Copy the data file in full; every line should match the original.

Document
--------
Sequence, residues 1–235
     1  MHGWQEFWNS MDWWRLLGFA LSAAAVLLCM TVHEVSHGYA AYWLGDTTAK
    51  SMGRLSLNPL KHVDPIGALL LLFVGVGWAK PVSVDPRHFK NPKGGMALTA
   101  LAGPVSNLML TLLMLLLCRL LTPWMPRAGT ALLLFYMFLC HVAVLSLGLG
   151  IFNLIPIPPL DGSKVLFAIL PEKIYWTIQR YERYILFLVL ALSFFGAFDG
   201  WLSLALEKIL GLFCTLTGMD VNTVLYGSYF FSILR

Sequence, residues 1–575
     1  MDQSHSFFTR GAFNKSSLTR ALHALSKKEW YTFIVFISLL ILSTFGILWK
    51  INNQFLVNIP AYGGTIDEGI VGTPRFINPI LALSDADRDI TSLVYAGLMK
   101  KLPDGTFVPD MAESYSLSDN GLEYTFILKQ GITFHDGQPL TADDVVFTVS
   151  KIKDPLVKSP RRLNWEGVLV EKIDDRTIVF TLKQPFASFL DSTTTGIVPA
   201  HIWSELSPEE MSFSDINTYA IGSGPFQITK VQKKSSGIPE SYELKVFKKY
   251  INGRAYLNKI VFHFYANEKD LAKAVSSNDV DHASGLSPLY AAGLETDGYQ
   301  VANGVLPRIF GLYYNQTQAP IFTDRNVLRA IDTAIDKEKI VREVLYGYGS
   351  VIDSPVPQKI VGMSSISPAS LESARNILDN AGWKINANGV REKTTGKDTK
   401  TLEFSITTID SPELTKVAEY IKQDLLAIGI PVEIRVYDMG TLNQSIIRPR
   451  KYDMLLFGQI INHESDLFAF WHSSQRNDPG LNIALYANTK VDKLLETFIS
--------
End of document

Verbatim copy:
Sequence, residues 1–235
     1  MHGWQEFWNS MDWWRLLGFA LSAAAVLLCM TVHEVSHGYA AYWLGDTTAK
    51  SMGRLSLNPL KHVDPIGALL LLFVGVGWAK PVSVDPRHFK NPKGGMALTA
   101  LAGPVSNLML TLLMLLLCRL LTPWMPRAGT ALLLFYMFLC HVAVLSLGLG
   151  IFNLIPIPPL DGSKVLFAIL PEKIYWTIQR YERYILFLVL ALSFFGAFDG
   201  WLSLALEKIL GLFCTLTGMD VNTVLYGSYF FSILR

Sequence, residues 1–575
     1  MDQSHSFFTR GAFNKSSLTR ALHALSKKEW YTFIVFISLL ILSTFGILWK
    51  INNQFLVNIP AYGGTIDEGI VGTPRFINPI LALSDADRDI TSLVYAGLMK
   101  KLPDGTFVPD MAESYSLSDN GLEYTFILKQ GITFHDGQPL TADDVVFTVS
   151  KIKDPLVKSP RRLNWEGVLV EKIDDRTIVF TLKQPFASFL DSTTTGIVPA
   201  HIWSELSPEE MSFSDINTYA IGSGPFQITK VQKKSSGIPE SYELKVFKKY
   251  INGRAYLNKI VFHFYANEKD LAKAVSSNDV DHASGLSPLY AAGLETDGYQ
   301  VANGVLPRIF GLYYNQTQAP IFTDRNVLRA IDTAIDKEKI VREVLYGYGS
   351  VIDSPVPQKI VGMSSISPAS LESARNILDN AGWKINANGV REKTTGKDTK
   401  TLEFSITTID SPELTKVAEY IKQDLLAIGI PVEIRVYDMG TLNQSIIRPR
   451  KYDMLLFGQI INHESDLFAF WHSSQRNDPG LNIALYANTK VDKLLETFIS